March is National Kidney Health Month
Kidney disease is unfortunately common in the United States, with estimates that 1 in 7 adults have the condition. Even more, 1 in 3 adults are at risk for the disease that leads to fatigue, trouble sleeping, dry skin, urinary problems, swollen hands and feet, and muscle cramping. Untreated kidney disease can eventually lead to kidney failure and death.
For people diagnosed with kidney disease, their primary diagnoses were either diabetes or hypertension (high blood pressure). These two conditions are often found together with many other health problems and can affect many systems in the body. The best course of action for kidney health is prevention. Keep your kidneys healthy by following these lifestyle guidelines:
- Hydration. Staying hydrated is crucial to kidney health. A quick assessment of urine color (it should be light) will show you if you're staying hydrated. (Please remember though that supplements and certain foods can affect urine color though, so if you have any questions, please consult your doctor.) It is important to remember to stay hydrated all the time, but especially in hot/dry weather and when exercising.
- Nutrition. Getting a properly balanced diet full of vitamins and minerals and not consuming too much salt and fat is good for your kidney health. Remember to eat a variety of fresh fruits and vegetables, good sources of lean protein, and complex grains for best health.
- Monitor your blood pressure. If you are experiencing high blood pressure, talk to a doctor to see what lifestyle changes or medication can be added to help maintain ideal blood pressure.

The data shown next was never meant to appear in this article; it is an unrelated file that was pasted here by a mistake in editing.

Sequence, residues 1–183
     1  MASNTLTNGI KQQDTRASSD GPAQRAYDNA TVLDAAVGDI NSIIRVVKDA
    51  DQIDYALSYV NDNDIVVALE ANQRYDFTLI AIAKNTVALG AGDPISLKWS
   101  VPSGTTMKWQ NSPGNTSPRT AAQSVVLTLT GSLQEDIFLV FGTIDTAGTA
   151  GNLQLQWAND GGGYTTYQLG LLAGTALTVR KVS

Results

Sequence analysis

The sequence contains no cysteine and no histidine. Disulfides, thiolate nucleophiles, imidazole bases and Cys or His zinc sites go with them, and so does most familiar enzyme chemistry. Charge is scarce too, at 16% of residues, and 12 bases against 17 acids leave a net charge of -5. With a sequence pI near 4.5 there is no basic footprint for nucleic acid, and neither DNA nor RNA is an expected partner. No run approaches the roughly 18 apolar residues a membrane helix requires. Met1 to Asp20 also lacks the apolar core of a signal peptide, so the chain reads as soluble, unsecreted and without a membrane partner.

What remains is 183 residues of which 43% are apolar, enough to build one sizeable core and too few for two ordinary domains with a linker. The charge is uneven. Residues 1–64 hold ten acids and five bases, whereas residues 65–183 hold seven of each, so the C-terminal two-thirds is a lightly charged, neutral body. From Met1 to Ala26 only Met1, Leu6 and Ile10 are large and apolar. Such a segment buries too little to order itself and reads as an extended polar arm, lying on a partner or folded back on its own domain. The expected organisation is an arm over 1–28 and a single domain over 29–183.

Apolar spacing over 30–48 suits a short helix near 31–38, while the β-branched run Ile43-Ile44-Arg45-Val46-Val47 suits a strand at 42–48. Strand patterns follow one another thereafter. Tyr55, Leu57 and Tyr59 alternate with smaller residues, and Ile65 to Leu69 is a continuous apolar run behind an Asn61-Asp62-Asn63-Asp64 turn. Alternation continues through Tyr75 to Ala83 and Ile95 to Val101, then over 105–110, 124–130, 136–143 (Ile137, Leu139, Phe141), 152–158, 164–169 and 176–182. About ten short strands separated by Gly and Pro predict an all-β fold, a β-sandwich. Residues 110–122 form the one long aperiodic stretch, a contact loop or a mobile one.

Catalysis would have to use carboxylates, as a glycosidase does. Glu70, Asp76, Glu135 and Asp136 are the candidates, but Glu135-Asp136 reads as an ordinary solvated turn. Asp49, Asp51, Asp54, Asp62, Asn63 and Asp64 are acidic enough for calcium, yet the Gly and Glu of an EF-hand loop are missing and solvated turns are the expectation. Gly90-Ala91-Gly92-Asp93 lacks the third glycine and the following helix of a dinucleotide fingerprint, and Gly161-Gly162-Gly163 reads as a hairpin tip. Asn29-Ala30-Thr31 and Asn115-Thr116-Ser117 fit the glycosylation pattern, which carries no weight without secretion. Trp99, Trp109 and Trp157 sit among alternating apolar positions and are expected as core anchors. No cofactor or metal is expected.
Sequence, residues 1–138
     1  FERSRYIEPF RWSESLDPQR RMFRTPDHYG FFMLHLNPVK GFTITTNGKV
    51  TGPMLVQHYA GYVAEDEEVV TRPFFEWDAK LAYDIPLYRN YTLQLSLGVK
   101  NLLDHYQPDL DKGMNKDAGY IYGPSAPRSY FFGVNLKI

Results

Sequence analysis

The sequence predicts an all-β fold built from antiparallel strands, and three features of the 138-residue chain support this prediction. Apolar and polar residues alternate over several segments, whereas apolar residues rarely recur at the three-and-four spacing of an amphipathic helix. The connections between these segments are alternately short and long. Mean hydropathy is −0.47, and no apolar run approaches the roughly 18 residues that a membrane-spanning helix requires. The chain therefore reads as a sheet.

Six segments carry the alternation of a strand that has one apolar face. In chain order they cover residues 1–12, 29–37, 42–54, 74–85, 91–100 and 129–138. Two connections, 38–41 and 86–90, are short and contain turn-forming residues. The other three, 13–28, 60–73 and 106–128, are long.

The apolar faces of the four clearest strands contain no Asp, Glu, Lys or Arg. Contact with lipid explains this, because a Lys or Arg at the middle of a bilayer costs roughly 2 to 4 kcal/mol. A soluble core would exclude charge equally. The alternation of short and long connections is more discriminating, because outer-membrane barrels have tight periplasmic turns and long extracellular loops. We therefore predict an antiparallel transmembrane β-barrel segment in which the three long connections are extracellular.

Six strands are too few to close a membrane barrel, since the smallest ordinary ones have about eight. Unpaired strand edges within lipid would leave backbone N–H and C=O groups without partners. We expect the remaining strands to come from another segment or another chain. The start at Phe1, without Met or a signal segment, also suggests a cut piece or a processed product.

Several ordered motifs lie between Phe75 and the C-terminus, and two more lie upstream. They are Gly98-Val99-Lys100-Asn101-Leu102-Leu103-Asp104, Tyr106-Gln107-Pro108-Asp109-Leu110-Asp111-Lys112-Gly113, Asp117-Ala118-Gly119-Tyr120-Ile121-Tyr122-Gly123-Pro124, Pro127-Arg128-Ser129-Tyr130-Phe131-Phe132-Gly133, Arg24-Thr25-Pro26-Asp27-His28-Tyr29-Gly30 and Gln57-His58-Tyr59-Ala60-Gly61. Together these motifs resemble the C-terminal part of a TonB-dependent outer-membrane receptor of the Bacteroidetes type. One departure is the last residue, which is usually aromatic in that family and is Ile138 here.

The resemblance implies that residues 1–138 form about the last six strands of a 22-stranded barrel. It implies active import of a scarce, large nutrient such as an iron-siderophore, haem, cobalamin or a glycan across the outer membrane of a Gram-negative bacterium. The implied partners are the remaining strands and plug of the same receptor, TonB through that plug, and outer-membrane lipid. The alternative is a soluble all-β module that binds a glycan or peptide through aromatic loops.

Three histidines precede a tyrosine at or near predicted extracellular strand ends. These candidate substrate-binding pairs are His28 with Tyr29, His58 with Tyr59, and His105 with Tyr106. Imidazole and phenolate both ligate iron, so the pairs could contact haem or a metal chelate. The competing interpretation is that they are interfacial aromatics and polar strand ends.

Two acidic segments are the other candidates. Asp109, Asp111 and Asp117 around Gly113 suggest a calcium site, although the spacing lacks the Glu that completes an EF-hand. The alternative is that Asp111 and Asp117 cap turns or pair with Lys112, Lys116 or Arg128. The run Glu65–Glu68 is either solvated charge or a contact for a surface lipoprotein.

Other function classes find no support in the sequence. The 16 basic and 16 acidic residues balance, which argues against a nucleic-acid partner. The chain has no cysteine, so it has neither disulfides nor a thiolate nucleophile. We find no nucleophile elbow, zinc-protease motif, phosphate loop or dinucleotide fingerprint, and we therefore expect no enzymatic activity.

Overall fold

- Do not smoke and watch your alcohol intake. Alcohol and smoking can raise your blood pressure which puts a strain on your kidneys and heart. If you drink, consume alcohol in moderation.
- Maintain a healthy weight. Obesity is a contributing factor in many health concerns such as high blood pressure and diabetes, both which are common precursors to kidney disease.
If the prevention and lifestyle changes are maintained, the chances of going into kidney failure are dramatically reduced. However, once a person experiences kidney failure, dialysis or a kidney transplant is required. Dialysis is a lengthy procedure requiring 3-4 visits a week to a dialysis center (or home dialysis treatment), that removes the waste from the blood. The other alternative is a kidney transplant, and sadly, there are thousands of people on the kidney transplant waiting list.
If you have questions or concerns about your kidney health, please consult your doctor. If you are obese and are considering a bariatric procedure, research has shown that bariatric surgeries are effective at lowering weight, improving blood pressure, and mitigating the effects of diabetes, all factors that are important for kidney health.
Keeping your kidneys healthy. (2018). Retrieved 7 March 2022, from https://www.nhs.uk/live-well/healthy-body/keeping-your-kidneys-healthy/
10 Signs You May Have Kidney Disease. (2020). Retrieved 7 March 2022, from https://www.kidney.org/news/ekidney/august14/10_Signs_You_May_Have_Kidney_Disease
Kidney Disease: The Basics. (2021). Retrieved 7 March 2022, from https://www.kidney.org/news/newsroom/fsindex#:~:text=1%20in%203%20adults%20in,of%20death%20in%20the%20U.S.
Chang, A., Grams, M., & Navaneethan, S. (2017). Bariatric Surgery and Kidney-Related Outcomes. Kidney International Reports, 2(2), 261-270. doi: 10.1016/j.ekir.2017.01.010